You’re already productively employed at ABC Co. You could be productively employed at XYZ Co, and they will probably offer more money to entice you away.

So you take the recruiter’s advice and duck out for a few long lunches (interviews) at the conglomerate next door. Solve some problems on a whiteboard. Once XYZ Co extends you an offer, your BATNA is secured.

But wait — how strong this job offer? Just because a job offer is higher than your current salary doesn’t mean it’s a strong offer. In reality, you could be grossly underpaid in your current job, and this new offer may not be as strong as you think.

Before you can counter-offer and ratchet up the value of your BATNA, you need to understand the at-market salary for a professional of your talents.

Analyze data. Ask around. Do your research.



The main factors that determine salary are company, city, and job title. You should conduct a two-prong investigation:= 
Talk to your peers within your company. Figure out how much money they make. One trick for getting a ballpark figure in an indirect way is to ask them how much they think your mutual employer would pay a new recruit with their skills and experience.
Study the salaries that employers in your city are in are paying to people in positions comparable to yours.

The US government publicly shares salary data for all employees who enter the US on an H1-B work visas. All these data are available in one big databaseof more than 1.6 million salaries. You can search by company, city, and job title. It’s free, and even has charts and filtering options. If you’re a US national, your salary should be at least as high as the salaries you find here.

You may want to look into other forms of compensation, too: insurance providers and their premiums, paid time off, stock options, even perks like free lunch and parking spaces.

At the end of the day, salary is king. For better or worse, salary is the objective measure that professionals use to compare themselves to one another. And most perks indirectly come out of your salary, anyway (as Netflix CEO Reed Hastings makes clear in the most widely viewed PowerPoint of all time).

Knowing the at-market salary for a person of your talents will help you negotiate with confidence.

Market Research + BATNA = Leverage


So you know the at-market rate for professionals in your city with your job title. You also know what peers within your own company are getting paid. And you have solid BATNA. Now you’re ready to suit up and march into your boss’s office.

Don’t wait until performance review time to negotiate a raise. Find out when your company plans their annual budget for salary increases. Be sure to negotiate your raise before that date — otherwise your boss will use the budget as an excuse to give you less.

The best time to negotiate is when you’ve just delivered a project or hit a major milestone. Then you’ll have a good answer to the “what have you done lately that’s worthy of a raise?” question.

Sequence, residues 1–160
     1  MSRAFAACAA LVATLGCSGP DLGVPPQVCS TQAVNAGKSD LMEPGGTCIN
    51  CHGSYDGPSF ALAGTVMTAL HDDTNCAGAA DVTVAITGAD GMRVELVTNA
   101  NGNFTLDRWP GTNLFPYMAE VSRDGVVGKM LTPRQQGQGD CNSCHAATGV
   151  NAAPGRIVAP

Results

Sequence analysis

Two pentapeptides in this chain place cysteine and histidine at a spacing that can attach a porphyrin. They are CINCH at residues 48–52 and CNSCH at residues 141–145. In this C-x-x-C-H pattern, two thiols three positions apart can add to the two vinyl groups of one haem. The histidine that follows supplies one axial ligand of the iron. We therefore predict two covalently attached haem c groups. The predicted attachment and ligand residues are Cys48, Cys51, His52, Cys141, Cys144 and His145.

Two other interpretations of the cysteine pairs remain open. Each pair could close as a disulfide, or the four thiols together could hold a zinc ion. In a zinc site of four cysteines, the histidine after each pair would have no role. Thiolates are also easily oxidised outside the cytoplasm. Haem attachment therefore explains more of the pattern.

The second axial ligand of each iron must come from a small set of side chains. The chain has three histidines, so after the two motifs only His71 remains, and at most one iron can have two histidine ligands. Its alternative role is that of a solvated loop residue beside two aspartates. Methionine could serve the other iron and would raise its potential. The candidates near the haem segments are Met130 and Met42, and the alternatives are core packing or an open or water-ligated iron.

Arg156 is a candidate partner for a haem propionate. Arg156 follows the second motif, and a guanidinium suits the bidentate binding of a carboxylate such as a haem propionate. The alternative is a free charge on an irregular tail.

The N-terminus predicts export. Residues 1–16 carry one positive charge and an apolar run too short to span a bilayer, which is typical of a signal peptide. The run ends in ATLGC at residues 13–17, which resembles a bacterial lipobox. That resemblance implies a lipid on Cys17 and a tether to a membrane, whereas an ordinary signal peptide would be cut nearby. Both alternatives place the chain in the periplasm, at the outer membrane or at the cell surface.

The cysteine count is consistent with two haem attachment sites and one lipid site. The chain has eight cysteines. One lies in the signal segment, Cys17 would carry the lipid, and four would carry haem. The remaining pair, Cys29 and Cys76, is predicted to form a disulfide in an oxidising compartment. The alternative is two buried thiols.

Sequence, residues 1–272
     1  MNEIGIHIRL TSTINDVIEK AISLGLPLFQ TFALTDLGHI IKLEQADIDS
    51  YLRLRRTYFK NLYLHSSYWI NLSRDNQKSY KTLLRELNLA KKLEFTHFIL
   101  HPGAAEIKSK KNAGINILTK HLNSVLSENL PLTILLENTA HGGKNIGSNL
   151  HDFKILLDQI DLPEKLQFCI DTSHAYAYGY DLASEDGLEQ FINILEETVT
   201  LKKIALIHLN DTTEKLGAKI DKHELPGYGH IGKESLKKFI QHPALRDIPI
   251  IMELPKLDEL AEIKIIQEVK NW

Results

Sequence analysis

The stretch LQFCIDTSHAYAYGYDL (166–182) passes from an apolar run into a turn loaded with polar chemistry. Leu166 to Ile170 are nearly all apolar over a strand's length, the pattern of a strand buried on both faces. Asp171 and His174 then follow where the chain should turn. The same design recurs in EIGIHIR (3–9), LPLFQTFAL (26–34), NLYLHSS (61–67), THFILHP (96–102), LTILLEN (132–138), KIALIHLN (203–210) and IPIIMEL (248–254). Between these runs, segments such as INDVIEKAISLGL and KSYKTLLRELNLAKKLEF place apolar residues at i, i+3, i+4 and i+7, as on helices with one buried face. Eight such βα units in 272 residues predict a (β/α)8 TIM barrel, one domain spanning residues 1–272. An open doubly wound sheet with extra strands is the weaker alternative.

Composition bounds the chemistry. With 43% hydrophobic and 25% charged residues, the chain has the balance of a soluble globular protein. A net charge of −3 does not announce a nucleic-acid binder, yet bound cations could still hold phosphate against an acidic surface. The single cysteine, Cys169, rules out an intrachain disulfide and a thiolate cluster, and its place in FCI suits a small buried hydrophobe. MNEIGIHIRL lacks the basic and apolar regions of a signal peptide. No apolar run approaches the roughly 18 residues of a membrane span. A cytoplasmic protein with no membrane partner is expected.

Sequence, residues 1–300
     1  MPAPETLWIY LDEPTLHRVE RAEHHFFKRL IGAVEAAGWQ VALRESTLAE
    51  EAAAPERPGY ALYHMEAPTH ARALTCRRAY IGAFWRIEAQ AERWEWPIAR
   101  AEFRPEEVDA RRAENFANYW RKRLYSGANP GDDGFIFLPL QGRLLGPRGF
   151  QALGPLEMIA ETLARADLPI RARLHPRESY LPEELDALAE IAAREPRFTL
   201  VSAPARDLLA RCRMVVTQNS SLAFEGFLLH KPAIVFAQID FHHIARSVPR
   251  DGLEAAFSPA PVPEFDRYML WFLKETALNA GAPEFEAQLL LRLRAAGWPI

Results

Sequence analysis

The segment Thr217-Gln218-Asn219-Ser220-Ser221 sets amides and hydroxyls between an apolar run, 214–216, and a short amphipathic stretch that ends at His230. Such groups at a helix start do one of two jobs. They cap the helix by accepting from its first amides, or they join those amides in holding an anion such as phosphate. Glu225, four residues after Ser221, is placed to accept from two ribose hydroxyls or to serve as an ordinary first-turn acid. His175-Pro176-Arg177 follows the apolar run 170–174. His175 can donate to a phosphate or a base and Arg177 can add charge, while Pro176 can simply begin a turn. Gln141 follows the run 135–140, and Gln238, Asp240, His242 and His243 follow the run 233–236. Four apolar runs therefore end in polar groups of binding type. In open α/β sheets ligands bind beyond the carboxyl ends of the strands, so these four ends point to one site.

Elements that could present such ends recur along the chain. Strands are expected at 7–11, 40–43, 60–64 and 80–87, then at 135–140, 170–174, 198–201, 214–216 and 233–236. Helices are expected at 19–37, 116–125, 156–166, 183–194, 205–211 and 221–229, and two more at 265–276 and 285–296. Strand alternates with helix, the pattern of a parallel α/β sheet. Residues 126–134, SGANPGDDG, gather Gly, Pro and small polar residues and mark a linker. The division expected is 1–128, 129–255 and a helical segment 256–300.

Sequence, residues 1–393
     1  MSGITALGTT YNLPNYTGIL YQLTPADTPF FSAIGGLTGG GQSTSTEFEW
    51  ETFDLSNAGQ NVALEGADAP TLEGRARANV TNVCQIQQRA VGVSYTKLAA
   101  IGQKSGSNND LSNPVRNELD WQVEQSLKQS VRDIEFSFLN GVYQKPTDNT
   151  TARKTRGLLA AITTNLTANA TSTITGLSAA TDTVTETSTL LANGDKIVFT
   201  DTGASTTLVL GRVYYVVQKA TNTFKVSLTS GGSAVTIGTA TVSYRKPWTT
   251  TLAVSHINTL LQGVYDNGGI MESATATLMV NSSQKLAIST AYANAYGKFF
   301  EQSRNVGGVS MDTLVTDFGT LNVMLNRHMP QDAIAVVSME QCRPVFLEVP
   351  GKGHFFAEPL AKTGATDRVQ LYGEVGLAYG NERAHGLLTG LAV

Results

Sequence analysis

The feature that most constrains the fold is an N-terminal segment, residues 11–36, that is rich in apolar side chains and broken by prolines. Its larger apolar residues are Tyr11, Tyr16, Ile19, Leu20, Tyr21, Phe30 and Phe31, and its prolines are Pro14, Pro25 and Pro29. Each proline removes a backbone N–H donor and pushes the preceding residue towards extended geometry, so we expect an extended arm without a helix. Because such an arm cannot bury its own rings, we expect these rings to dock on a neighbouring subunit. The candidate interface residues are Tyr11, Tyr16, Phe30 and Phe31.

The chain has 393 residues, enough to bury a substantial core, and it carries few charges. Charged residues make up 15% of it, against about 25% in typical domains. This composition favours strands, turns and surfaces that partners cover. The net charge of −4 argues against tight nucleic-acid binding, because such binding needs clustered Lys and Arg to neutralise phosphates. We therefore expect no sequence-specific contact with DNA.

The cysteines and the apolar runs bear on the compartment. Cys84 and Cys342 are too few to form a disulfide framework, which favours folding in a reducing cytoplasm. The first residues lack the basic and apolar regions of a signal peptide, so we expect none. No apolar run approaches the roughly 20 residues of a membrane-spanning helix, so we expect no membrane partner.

Don’t flinch if your boss fires back at you with some policy about salary ranges or salary caps for your job title. They just gave you a great opening to negotiate for a promotion as well.

Be fearless. But also be mindful of what’s happening on the other side of the negotiation table.

Most employees fail to prepare for their raise discussion. They’ll argue for a raise based on things like their seniority, their recent performance, or rising housing costs. These are terrible negotiating positions with no leverage. Is it any surprise that bosses become accustom to handing out small token raises to these people

Imagine your boss’s surprise when you come along with real leverage. You’ve done your homework. You have a serious BATNA.

Your boss may be caught off-guard by such a well-equipped adversary at the negotiation table. This can quickly become a terrifying conversation for them. If they lose one of their employees to a competitor, it will reflect poorly on them as a manager. And they will have to spend months — and tens of thousands of dollars — finding a replacement for you.

So be polite throughout the process. If they agree to pay you what you’re worth, you will still have to work with this person. And you don’t want your boss to resent having to grovel before their bosses to approve an abnormally large raise for you. You want to come across as savvy and serious—not mercenary.

Be sure to follow up all of your salary discussions with an email describing what you talked about. This will not only document your conversation — it will give your boss a script for arguing your case to all the other managers who will need to sign off on your raise.

Remember — you don’t need to be a “rockstar” to get a raise. If you could be earning a higher wage somewhere else doing the same job that you’re doing now, your employer probably should have been paying you more all along.

And don’t feel obligated to work any harder after they give you your raise. They didn’t give you a raise so you’d work harder. They gave you a raise so you’d continue working for them in your current capacity. It is they who shortchanged you, by not proactively — and frequently — raising your salary to at-market levels.

It takes a lot of guts to tell your boss that you deserve a higher salary, which is why most of your peers will continue to be underpaid. But not you. You’re the smart one. The tough one. And if they don’t pay you an at-market salary, someone else will